A MEDIA association yesterday expressed disappointment over the broadcasting regulator’s role in assisting troubled digital-TV players after the National Broadcasting and Telecommunications Commission (NBTC)admitted that it could not respond constructive
The NBTC came to that conclusion after holding a special meeting on the matter on Wednesday.
Kematat Paladesh, president of the Radio and Television Broadcasting Professional Federation, said two months of brainstorming to solve the protracted problems in the digital-TV business appeared to amount to nothing after the NBTC could not agree to the main requests made recently by a group of broadcasters through the NBTC panel assigned to solve such problems.
The troubled digital-TV players want the regulator to support them by delaying the third instalment of the upfront licence fee to relieve their tight financial straits.
However, the NBTC decided not to follow through with the request, citing the law. Under Section 42 of the Organisation to Assign Radio Frequencies and to Regulate Broadcasting and Telecommunications Services Act of 2010, all licence holders must pay the licence fee yearly at an appropriate rate for the type of licence in accordance with the Broadcasting Act.
On behalf of the president of Bangkok Media and Broadcasting, the operator of the PPTV digital TV station, Kematat said the result of the NBTC’s special meeting was unsatisfactory.
PPTV is among the seven major digital TV stations that last year sued the NBTC for damages at the Central Administrative Court, allegedly caused by the regulator’s negligence in marshalling the transition from analog to digital TV.
The other six stations were One, Thairath TV, GMM 25, Bright TV, Now 26 and Nation TV.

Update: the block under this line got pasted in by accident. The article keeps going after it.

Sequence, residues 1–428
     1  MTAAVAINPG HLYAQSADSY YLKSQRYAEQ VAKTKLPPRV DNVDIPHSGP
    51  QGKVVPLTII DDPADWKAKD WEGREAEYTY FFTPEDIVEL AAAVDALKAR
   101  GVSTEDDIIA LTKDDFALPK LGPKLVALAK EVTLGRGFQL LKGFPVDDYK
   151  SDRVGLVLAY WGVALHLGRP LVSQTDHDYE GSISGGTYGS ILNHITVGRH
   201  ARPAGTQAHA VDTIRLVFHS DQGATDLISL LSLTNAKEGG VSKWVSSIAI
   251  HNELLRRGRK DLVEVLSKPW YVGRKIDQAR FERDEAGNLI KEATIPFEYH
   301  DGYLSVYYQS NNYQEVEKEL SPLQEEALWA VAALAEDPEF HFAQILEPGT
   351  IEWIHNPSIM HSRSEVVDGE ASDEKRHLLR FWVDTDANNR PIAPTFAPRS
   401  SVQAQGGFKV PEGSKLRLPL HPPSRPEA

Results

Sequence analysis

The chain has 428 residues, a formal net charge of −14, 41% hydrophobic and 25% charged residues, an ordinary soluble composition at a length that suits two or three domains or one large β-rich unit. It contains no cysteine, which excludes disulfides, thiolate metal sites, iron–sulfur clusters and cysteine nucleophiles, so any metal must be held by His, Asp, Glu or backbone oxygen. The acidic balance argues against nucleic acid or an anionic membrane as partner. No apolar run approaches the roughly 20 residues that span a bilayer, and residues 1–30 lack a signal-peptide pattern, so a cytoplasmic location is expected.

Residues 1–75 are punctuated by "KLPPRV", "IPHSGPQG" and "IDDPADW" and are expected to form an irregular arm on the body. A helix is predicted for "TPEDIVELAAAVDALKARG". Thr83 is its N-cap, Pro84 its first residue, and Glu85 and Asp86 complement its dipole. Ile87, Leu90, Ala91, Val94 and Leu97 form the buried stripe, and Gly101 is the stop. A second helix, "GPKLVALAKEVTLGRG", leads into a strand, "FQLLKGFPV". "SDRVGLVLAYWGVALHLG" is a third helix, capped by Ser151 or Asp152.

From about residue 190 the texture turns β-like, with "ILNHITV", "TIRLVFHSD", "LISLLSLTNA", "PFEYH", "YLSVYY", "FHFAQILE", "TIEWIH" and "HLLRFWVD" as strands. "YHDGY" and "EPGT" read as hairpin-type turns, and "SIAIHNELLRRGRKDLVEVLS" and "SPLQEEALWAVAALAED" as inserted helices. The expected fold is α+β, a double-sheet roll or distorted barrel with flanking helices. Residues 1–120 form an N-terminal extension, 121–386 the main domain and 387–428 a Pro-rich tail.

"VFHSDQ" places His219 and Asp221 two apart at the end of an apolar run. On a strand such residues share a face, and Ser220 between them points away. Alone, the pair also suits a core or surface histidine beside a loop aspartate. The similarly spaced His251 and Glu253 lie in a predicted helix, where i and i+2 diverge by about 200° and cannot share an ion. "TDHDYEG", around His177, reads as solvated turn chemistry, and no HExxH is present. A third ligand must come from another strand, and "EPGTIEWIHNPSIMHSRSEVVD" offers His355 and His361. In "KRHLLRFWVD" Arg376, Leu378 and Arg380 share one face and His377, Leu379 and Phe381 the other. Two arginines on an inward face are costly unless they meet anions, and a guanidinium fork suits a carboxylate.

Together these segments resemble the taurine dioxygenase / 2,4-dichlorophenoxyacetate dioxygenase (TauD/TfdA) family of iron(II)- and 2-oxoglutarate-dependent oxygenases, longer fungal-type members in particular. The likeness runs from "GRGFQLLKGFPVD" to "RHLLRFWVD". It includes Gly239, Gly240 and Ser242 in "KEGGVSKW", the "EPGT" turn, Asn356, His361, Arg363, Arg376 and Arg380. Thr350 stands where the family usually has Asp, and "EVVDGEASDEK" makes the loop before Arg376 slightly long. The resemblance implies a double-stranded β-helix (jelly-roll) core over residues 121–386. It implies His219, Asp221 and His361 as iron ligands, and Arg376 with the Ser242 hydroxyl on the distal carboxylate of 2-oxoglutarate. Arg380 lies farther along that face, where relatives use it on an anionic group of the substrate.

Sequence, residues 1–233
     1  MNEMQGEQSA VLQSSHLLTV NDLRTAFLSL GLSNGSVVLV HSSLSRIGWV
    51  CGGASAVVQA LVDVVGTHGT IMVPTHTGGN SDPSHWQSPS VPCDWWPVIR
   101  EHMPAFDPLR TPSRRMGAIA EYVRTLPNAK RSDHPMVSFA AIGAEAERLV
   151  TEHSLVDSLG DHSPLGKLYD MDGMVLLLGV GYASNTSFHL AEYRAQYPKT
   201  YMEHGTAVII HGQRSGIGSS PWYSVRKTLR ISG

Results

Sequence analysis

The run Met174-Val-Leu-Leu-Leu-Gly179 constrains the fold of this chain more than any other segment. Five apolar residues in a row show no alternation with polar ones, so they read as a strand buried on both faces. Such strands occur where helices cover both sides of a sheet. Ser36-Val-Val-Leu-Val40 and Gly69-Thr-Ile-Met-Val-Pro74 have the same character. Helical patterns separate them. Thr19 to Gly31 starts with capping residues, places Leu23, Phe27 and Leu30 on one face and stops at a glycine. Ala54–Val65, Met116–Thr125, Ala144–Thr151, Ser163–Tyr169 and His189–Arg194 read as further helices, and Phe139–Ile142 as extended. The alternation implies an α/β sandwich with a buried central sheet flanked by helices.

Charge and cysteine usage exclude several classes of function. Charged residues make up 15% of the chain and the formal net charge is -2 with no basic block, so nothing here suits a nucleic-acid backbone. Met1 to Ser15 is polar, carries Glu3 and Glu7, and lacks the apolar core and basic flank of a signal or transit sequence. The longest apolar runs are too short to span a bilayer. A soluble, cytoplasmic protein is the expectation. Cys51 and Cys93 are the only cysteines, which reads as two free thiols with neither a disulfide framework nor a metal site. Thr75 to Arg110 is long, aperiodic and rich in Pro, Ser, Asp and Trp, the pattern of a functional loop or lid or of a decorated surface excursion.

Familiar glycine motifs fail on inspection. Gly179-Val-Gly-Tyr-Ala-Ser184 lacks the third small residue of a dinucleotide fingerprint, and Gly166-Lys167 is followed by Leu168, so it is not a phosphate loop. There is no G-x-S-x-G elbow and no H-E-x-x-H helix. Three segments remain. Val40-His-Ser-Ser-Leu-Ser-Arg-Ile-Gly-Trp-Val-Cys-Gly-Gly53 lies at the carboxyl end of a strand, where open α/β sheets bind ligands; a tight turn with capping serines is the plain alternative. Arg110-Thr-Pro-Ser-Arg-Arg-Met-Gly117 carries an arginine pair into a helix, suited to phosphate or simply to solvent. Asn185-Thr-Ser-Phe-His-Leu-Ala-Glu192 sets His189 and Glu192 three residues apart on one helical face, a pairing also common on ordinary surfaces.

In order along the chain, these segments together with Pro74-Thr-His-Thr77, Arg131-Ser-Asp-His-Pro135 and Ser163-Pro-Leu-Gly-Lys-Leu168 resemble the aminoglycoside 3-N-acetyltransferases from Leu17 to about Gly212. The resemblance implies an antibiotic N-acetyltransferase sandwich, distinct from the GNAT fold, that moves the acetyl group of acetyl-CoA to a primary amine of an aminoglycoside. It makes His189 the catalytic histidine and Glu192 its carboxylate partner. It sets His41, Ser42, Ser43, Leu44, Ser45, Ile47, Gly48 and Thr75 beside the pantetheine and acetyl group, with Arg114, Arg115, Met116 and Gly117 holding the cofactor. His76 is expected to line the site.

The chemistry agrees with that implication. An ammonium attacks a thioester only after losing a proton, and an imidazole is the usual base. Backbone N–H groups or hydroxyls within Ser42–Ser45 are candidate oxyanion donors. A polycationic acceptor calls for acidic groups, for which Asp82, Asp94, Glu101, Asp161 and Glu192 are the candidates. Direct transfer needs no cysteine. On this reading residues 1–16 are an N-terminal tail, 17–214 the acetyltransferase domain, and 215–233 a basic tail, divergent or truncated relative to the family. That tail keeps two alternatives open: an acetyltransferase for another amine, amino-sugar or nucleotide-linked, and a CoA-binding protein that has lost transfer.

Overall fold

In preparation for the next hearing at the court, Kematat said his company was planning to discuss this matter with the other six broadcasters next week.
Takorn Tantasith, secretary-general of the NBTC, said recently that his administration would also submit the results of Wednesday’s meeting to the court.
NBTC member Supinya Klangnarong said she believed that those digital TV operators would ask the court to issue a temporary injunction to protect them from having to pay the third instalment of the upfront licence fee, whose deadline is May 24.
Supinya’s subcommittee overseeing consumer rights protection is also attempting to set ethical and social-responsibility standards by drafting a new rule to govern all holders of digital TV licences. The rule would serve as the terms and conditions of a TV broadcasting licence.
The move comes after TV Channel 3 allowed famous host Sorrayuth Suthassnachinda to go back on the air despite his conviction for bribery, which raised an uproar over media ethics.
However, representatives of digital-TV channels who participated in a meeting held yesterday by Supinya’s panel seemed to think differently, as they preferred a self- or co-regulated approach, instead of law enforcement.
“If they want to do that [self-regulation], they must submit a code of practices and guidelines to my panel by the end of next month for consideration of the NBTC’s broadcasting committee,” Supinya said.